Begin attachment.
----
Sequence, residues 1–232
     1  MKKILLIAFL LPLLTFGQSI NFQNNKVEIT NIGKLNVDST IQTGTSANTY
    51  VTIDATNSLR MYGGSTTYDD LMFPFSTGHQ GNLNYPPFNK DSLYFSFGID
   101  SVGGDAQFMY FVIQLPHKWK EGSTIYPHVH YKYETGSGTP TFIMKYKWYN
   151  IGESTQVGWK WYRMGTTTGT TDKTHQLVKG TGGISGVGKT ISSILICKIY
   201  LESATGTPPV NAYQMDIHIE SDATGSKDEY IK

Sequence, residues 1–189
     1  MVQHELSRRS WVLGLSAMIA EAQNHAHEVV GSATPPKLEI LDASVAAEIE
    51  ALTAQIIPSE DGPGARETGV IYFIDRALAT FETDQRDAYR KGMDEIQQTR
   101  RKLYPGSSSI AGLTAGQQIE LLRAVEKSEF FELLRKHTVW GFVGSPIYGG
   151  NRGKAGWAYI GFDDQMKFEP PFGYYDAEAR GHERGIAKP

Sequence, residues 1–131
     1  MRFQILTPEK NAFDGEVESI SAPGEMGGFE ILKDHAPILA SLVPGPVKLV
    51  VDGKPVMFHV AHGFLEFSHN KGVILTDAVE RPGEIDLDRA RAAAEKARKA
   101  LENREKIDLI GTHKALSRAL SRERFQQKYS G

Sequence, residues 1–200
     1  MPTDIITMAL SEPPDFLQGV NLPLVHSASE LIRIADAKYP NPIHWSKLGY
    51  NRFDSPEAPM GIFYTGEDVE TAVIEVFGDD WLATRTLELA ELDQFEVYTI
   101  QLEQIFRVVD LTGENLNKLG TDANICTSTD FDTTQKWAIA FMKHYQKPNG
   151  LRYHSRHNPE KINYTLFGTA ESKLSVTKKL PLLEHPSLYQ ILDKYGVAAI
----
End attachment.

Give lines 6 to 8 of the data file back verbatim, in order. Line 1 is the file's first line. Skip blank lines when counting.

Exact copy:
   201  LESATGTPPV NAYQMDIHIE SDATGSKDEY IK

Sequence, residues 1–189
     1  MVQHELSRRS WVLGLSAMIA EAQNHAHEVV GSATPPKLEI LDASVAAEIE